Before there were mirrors, the still surface of a pond or puddle was the most common way for us "to see ourselves as others see us." It is an obvious point, yet strange, considering that without mirrors or other reflective surfaces, none of us would know what our own faces look like. Not surprisingly, reflection in all its forms has been a favorite subject for painters through the ages.
Who better to illuminate the subject's many facets than British polymath, scientist, theatrical director, and amateur photographer Jonathan Miller? In this beautifully illustrated book, occasioned by a special exhibition at London's National Gallery, Miller discusses a fascinating range of topics.
He explains the psychology of human perception by answering such questions as: How are we able to distinguish a real from a reflected image? What makes a surface appear mirror-like? Miller also looks at artistic techniques, showing us how painters through the ages have represented not only mirror-reflections, but also such "shiny" qualities as luster, gloss, transparency, wetness, and sheen. He discusses how artists use highlights to lend texture and form to objects, and to impart the glow of animation to the eyes of portraits.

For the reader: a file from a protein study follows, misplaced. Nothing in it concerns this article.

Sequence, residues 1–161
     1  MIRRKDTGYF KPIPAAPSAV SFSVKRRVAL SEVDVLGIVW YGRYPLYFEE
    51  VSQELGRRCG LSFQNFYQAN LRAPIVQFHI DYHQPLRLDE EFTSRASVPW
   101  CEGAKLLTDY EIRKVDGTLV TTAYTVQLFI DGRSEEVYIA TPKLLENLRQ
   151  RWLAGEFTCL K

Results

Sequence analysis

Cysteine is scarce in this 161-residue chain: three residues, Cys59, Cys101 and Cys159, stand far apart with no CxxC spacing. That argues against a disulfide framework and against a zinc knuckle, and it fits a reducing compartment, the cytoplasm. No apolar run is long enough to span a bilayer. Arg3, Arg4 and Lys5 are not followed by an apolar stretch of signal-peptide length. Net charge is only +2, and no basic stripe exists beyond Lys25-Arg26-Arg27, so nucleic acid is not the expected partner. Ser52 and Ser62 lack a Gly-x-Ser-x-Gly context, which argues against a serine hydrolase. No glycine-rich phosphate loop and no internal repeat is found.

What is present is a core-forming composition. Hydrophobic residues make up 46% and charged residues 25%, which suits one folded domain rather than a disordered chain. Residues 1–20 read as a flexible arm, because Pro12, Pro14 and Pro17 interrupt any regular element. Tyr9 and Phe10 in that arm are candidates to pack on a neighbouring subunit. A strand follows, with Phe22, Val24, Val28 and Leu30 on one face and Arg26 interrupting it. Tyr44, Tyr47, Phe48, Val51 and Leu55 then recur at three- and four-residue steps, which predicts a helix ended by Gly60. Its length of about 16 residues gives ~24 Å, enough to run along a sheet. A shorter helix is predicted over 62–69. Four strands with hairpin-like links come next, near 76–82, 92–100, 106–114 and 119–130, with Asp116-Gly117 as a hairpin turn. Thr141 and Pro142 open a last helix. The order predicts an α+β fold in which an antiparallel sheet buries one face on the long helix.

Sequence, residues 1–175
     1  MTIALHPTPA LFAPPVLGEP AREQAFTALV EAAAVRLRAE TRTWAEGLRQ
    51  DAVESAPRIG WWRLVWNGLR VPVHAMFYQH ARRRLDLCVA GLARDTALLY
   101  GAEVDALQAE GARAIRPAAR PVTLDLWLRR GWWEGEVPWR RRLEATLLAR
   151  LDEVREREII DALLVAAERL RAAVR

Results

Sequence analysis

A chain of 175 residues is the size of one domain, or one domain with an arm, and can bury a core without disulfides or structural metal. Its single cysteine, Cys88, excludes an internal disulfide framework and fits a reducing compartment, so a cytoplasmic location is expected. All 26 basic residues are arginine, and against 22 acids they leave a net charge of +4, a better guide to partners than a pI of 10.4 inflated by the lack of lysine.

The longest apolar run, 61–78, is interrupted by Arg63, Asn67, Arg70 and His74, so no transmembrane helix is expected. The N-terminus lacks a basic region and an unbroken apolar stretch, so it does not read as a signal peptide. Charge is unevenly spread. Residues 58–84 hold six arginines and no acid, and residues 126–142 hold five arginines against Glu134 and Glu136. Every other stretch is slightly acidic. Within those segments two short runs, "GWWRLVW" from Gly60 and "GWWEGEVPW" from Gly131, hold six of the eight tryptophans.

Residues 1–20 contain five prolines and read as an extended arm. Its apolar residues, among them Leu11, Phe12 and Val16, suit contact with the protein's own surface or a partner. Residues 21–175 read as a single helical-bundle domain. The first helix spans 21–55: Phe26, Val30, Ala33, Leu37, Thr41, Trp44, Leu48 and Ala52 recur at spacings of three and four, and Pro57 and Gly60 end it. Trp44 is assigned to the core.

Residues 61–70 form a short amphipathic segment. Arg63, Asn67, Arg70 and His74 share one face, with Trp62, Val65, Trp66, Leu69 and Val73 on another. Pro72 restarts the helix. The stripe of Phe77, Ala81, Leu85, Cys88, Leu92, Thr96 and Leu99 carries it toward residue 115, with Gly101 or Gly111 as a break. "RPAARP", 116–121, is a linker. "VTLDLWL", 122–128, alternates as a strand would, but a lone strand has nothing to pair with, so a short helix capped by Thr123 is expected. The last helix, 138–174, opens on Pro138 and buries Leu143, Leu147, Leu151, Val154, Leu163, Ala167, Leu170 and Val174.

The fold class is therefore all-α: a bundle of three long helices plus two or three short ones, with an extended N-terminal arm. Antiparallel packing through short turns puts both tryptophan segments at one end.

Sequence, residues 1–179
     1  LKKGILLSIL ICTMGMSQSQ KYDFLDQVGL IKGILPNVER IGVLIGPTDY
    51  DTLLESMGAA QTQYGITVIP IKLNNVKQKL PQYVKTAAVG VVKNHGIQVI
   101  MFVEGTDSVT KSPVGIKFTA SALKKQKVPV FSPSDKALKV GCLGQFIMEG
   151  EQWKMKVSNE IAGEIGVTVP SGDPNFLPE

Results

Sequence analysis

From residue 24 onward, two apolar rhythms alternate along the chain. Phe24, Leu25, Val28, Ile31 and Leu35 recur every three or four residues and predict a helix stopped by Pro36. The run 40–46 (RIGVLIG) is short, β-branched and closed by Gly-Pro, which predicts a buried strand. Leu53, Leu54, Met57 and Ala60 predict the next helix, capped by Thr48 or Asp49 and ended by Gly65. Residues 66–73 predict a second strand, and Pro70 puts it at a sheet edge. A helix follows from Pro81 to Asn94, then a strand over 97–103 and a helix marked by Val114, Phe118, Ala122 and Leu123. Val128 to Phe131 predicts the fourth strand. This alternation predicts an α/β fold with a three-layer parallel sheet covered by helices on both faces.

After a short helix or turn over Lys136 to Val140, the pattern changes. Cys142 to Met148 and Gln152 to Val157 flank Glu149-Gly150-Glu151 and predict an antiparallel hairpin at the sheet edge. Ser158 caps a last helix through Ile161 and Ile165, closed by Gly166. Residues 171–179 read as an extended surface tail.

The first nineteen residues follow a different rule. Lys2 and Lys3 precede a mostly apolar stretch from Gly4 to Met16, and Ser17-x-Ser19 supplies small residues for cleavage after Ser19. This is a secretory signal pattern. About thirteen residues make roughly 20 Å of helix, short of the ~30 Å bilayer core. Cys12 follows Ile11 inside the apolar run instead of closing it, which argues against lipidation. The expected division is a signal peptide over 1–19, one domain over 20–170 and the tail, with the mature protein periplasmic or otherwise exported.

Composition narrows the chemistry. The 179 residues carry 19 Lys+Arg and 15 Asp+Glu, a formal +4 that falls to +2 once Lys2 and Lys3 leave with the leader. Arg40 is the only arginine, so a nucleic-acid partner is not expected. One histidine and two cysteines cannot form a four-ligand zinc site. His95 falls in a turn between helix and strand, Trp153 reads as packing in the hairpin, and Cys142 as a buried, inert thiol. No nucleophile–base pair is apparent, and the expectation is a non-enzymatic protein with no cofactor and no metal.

And finally, he examines some of the themes connected with the subject: mirrors as emblems of vanity, self-regard, introspection, illusion, not to mention narcissism!
From the exquisitely wrought still lifes and landscapes of the Dutch masters to Picasso's "Girl before a Mirror," the many illuminating full-color plates and illustrations offer a visual feast. For the countless artists who have been intrigued by reflections include Van Eyck, Drer, Titian, Rembrandt, Velzquez, and many more. Well-known photographers are also represented. Informative, stimulating, and entertaining, this book is a treat for the eye and the mind alike.